Domestic abuse is a major health concern in the UK. Women’s Aid report that whilst it is a widespread problem it is difficult to gauge exactly how many people are affected by it.
There are challenges around obtaining reliable prevalence data, due to domestic abuse being a largely hidden crime and occurring within the home. Data collection for domestic abuse only provides a reliable estimate and is not a true picture of the extent of the problem. Domestic Abuse is largely under-reported, and it is difficult to obtain accurate figures on. The Crime Survey File for England and Wales estimates that 1.9 million adults age between 16 and 59 experienced domestic abuse in the year ending March 2017. Additionally, Police Scotland recorded 58,810 incidents of domestic abuse between 2016 and 2017.
The term Domestic Abuse comes under the umbrella of Gender-Based Violence. Gender-Based Violence is a term that is recognised worldwide and used by many leading organisations aiming to eliminate all forms of violence against women. NHS Scotland (2018) state that Gender Based Violence is a collective term for violence directed towards a woman. Simply because she is a woman or because violence affects women disproportionately. Domestic abuse comes in many different forms which include, coercive control, psychological, emotional, physical and sexual abuse (Women’s Aid). Furthermore, The World Health Organisation (WHO) states that violence can negatively impact on a women’s physical, mental, psychological, sexual and reproductive health causing serious short-term and long-term consequences.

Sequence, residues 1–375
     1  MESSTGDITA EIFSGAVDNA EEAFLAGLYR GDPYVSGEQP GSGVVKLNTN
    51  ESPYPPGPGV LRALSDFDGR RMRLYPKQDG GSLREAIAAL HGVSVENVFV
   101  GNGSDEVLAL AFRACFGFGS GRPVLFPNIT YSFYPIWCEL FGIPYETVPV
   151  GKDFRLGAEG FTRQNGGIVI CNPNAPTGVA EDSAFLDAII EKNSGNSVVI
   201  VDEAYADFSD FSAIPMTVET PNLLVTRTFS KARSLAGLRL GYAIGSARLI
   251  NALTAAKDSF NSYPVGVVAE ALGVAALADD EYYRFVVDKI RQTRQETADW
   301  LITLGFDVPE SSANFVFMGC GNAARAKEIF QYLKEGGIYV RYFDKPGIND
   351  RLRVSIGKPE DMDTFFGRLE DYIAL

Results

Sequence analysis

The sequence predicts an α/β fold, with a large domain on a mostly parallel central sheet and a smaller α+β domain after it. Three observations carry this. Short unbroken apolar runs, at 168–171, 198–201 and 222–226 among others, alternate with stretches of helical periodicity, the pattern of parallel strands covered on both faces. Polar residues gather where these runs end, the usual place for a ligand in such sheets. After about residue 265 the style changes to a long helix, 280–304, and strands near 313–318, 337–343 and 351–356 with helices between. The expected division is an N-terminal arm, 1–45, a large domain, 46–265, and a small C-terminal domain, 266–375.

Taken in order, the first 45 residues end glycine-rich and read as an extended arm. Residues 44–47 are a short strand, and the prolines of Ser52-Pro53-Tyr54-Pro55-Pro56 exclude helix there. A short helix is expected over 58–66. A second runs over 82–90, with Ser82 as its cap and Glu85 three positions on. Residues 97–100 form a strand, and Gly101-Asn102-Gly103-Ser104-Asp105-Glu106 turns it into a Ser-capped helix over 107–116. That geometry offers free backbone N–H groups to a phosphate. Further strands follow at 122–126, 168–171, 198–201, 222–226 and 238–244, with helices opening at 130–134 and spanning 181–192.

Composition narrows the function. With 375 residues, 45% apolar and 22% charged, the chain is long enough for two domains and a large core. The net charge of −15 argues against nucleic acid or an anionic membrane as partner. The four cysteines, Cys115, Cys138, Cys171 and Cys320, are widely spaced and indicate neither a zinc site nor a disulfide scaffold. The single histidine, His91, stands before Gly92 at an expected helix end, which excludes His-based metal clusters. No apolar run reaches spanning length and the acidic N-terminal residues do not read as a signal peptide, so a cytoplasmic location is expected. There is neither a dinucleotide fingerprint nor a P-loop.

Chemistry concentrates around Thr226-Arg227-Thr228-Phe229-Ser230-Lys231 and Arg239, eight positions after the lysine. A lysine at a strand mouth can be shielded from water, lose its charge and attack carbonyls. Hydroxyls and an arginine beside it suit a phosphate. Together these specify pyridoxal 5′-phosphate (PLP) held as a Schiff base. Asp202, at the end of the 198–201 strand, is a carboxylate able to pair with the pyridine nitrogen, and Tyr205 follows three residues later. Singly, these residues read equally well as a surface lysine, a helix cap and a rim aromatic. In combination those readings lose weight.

Domestic Abuse has a significant impact on a victim’s health and it is known that women are much more likely than men to victims of high-risk domestic abuse. Due to the health consequences because of domestic abuse one area that is best placed to support people experiencing domestic abuse is health care settings. This paper will discuss the implementation of a domestic abuse referral pathway within a sexual health setting.